Novel Design Strategy for Checkpoint Kinase 2 Inhibitors Using Pharmacophore Modeling, Combinatorial Fusion, and Virtual Screening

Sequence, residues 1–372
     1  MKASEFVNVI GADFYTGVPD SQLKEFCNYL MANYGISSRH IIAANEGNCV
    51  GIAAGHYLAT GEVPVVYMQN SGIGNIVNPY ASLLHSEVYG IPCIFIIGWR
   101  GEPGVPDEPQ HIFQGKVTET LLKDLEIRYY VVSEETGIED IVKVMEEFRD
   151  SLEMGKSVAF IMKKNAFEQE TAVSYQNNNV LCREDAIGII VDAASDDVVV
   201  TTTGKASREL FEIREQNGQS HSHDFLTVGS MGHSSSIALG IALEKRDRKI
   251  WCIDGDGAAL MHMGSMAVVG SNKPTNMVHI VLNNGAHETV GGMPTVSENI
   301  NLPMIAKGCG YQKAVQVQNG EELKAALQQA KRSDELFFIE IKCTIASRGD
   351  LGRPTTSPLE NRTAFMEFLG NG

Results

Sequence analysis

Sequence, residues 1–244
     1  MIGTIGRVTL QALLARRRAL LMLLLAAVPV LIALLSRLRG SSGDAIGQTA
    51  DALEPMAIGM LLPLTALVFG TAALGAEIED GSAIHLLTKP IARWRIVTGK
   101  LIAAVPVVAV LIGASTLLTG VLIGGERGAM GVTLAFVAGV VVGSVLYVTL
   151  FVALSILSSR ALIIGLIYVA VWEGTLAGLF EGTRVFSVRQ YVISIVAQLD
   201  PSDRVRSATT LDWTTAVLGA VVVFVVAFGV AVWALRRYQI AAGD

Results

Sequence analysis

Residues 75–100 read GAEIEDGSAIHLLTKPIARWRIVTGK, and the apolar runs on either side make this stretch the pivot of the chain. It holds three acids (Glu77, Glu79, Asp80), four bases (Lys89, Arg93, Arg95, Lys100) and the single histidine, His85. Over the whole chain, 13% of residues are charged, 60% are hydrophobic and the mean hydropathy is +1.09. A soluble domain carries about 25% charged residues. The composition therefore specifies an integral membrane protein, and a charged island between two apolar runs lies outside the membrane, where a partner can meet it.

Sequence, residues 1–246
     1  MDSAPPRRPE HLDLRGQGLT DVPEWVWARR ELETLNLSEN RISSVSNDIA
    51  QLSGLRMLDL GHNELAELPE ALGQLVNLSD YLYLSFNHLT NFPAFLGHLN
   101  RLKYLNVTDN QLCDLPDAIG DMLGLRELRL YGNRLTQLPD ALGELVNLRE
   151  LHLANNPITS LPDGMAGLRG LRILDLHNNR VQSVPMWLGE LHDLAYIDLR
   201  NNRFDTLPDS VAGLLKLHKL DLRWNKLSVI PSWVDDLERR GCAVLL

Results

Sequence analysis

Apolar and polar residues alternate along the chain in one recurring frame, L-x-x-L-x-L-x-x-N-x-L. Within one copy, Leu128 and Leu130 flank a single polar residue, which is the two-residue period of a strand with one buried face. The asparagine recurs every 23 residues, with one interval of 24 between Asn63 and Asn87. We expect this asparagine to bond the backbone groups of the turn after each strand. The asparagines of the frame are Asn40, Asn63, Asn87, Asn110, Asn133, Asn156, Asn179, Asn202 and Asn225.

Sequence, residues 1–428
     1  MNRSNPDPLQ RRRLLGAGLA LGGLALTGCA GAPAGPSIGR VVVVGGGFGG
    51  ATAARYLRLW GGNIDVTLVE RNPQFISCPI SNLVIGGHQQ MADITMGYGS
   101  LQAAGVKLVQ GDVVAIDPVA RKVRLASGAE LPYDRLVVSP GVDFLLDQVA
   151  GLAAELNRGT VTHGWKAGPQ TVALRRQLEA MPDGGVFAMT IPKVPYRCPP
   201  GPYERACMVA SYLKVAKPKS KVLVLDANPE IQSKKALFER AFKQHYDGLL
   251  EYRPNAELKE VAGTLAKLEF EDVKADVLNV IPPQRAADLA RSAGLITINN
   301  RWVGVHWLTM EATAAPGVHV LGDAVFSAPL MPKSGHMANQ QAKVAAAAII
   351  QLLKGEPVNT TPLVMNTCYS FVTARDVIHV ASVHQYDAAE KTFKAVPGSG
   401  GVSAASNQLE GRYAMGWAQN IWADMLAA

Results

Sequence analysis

The CHK2 protein kinase is an important transducer of DNA damage checkpoint signals, and its mutation contributes to hereditary and sporadic cancer. CHK2 activation is triggered by the phosphorylation of Thr68 by the DNA damage-activated ATM kinase. This leads to transient CHK2 dimerization, in part through intermolecular phosphoThr68-FHA domain interactions. Dimerization promotes kinase activation through activation-loop autophosphorylation, but the mechanism of this process has not been clear. The dimeric crystal structure of CHK2, described here, in conjunction with biochemical and mutational data reveals that productive CHK2 dimerization additionally involves intermolecular FHA-kinase domain and FHA-FHA interactions. Ile157, mutated in the Li-Fraumeni cancer-predisposition syndrome, plays a central role in the FHA-kinase domain interface, explaining the lack of dimerization and autophosphorylation of this mutant. In the dimer, the kinase active sites face each other in close proximity, indicating that dimerization may also serve to optimally position the kinase active sites for efficient activation loop transphosphorylation.